In this brief chapter, Hezekiah receives letters and a present from Merodach-Baladan the king of Babylon. The letters were congratulating him on his return to health. Hezekiah shows the envoy from Babylon all of his great material treasures. Isaiah then comes to Hezekiah to ask questions: What did they say? Where did they come from? What did they see in your house?
As a prophet of God, Isaiah is asking these questions as a prelude to the prophecy that all of these great possessions would be carried off to Babylon in the future and that Hezekiah’s lineage “shall be eunuchs in the palace of the king of Babylon.”
A great lesson to learn from this chapter is that of our tendency to so quickly forget and take for granted God’s blessings. Hezekiah had just been blessed with fifteen more years of life after a grave illness and this episode directly following his return to health is marked by Hezekiah’s reveling in his life of material blessings. Without a doubt, Hezekiah recognizes God’s place in his health and wealth, but he takes too much credit for himself.
Hezekiah does not answer Isaiah’s first question of what these men said but his answer to the second question of where they came from, he says, “They came to me from a far country, from Babylon.” Hezekiah says pointedly that they came specifically to HIM from Babylon.
This may seem like a subtle and harmless remark by Hezekiah but think about the circumstances. He was just blessed with a longer life and he has so many material treasures (silver and gold, the spices and precious ointment, his armory). The pure heart would be humble, giving credit to God rather than taking it for itself. Hezekiah did recognize that the Word of God is good, but even in his final words of the chapter, he reveals a heart marked by selfishness: “So Hezekiah said to Isaiah, “The word of the LORD which you have spoken is good!” For he said, “At least there will be peace and truth in my days.”” Isaiah 39:8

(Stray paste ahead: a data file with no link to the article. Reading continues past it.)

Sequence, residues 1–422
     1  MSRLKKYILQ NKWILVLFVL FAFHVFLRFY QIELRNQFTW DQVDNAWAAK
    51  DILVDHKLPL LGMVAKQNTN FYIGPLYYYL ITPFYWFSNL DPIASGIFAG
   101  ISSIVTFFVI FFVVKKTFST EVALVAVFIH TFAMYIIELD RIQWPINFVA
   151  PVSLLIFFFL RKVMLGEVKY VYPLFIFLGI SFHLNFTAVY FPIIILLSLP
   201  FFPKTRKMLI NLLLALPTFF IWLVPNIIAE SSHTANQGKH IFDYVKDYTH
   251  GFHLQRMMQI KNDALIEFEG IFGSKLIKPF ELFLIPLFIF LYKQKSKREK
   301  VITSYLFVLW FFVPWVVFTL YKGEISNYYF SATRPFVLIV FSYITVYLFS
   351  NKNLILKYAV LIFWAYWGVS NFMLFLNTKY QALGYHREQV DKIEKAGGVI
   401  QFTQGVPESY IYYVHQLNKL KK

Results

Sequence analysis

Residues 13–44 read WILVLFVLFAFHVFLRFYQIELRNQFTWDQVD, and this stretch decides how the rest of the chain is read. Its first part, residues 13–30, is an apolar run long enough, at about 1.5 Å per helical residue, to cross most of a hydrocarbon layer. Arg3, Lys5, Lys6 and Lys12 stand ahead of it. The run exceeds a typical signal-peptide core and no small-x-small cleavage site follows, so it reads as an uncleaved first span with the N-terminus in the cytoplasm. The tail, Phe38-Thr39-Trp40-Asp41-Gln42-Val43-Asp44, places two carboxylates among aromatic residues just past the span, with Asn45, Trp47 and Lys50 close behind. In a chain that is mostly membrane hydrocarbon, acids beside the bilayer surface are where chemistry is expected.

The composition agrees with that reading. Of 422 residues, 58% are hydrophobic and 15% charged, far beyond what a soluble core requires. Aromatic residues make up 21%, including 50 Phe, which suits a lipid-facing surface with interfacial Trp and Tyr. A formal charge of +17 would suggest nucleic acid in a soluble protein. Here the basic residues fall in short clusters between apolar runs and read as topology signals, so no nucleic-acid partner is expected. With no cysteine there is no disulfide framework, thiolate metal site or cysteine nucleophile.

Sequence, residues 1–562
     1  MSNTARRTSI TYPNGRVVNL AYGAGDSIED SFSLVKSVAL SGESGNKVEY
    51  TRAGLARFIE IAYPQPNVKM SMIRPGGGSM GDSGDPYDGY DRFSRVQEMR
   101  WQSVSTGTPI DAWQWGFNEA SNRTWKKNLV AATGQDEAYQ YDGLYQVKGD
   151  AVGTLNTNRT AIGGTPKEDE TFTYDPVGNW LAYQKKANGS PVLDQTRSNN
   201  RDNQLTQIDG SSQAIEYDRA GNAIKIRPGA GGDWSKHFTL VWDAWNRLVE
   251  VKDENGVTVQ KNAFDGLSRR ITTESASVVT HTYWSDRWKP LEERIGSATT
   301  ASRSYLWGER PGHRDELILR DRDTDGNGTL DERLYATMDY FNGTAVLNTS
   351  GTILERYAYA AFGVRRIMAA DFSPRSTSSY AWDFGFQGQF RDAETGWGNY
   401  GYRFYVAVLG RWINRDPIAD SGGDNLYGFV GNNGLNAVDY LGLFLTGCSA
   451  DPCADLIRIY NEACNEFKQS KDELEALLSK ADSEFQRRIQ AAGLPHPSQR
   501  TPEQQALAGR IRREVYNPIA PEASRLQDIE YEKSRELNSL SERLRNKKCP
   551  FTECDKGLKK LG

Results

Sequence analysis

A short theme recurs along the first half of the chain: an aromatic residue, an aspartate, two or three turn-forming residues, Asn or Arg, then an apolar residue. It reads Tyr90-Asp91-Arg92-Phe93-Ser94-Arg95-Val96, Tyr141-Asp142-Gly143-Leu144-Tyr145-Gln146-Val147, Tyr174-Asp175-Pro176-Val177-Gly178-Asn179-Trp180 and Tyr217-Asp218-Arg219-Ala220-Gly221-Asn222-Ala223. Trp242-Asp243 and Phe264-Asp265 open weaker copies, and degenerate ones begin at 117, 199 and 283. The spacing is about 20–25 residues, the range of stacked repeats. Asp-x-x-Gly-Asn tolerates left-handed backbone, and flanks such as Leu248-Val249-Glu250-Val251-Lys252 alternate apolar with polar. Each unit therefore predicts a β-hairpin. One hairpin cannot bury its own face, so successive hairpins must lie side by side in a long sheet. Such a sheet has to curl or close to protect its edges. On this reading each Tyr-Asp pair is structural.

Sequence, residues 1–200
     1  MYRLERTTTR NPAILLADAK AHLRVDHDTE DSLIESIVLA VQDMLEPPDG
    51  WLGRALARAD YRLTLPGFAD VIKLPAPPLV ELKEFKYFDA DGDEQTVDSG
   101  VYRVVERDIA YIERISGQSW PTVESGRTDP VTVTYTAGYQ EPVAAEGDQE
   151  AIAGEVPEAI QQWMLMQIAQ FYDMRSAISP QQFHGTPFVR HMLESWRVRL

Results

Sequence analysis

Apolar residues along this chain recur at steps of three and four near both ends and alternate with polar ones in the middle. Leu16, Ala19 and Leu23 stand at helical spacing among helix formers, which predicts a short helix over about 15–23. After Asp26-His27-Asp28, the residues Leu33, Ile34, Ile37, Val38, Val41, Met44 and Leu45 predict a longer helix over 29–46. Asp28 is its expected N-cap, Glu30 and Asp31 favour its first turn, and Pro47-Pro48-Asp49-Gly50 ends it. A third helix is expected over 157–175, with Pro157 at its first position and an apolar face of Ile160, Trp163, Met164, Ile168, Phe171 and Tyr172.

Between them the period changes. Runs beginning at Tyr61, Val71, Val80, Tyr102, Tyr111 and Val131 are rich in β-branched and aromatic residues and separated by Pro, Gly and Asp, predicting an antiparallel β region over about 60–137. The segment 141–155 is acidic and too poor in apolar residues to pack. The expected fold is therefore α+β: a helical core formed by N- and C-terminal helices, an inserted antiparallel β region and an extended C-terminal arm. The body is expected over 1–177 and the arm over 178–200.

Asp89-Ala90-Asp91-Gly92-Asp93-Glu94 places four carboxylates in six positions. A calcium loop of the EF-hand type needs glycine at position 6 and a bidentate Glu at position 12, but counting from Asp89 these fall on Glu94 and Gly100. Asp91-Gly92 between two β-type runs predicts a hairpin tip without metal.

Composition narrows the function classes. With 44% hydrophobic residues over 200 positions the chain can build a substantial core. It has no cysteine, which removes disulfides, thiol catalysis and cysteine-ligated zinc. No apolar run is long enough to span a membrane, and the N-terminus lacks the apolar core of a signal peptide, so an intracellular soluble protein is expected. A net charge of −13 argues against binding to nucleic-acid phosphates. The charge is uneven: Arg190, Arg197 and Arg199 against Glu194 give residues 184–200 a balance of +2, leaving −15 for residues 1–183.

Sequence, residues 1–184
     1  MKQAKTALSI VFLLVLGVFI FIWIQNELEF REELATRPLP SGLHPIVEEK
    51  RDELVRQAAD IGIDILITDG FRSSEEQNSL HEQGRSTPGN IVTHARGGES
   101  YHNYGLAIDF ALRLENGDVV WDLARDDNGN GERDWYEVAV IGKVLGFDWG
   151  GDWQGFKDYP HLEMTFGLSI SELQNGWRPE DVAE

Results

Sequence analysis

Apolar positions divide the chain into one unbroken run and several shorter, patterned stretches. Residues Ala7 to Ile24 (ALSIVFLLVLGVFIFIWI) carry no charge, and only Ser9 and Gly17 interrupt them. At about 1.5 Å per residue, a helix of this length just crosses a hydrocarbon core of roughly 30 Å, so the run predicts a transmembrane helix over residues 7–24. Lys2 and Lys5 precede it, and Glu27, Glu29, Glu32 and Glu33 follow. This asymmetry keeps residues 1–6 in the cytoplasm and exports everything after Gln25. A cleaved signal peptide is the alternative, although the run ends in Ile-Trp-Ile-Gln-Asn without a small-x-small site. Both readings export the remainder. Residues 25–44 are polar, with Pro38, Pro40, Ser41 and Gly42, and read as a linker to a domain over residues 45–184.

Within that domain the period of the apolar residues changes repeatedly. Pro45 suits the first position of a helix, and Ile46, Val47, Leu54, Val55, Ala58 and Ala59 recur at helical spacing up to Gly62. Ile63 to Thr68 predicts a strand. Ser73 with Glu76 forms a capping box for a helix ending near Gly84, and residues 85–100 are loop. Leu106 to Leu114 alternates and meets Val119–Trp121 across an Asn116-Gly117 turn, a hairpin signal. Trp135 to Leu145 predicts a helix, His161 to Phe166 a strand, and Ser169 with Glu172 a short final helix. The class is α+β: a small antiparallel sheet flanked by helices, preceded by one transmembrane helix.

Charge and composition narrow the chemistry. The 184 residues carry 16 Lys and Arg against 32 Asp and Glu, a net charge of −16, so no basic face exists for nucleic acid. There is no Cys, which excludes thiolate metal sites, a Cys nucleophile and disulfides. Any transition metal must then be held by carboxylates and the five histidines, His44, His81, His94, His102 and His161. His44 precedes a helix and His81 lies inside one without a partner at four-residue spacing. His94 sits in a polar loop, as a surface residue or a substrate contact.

One would think that Hezekiah would be heartbroken that his descendants will be made eunuchs in the Babylonian palace, but he is only glad that peace and truth will remain in his time. Through Isaiah, God seems to have been trying to show Hezekiah that all of these things in which he was taking great pleasure were ultimately meaningless: “‘Behold, the days are coming when all that is in your house, and what your fathers have accumulated until this day, shall be carried to Babylon; nothing shall be left,’ says the LORD.”
Hezekiah missed the point. Did you?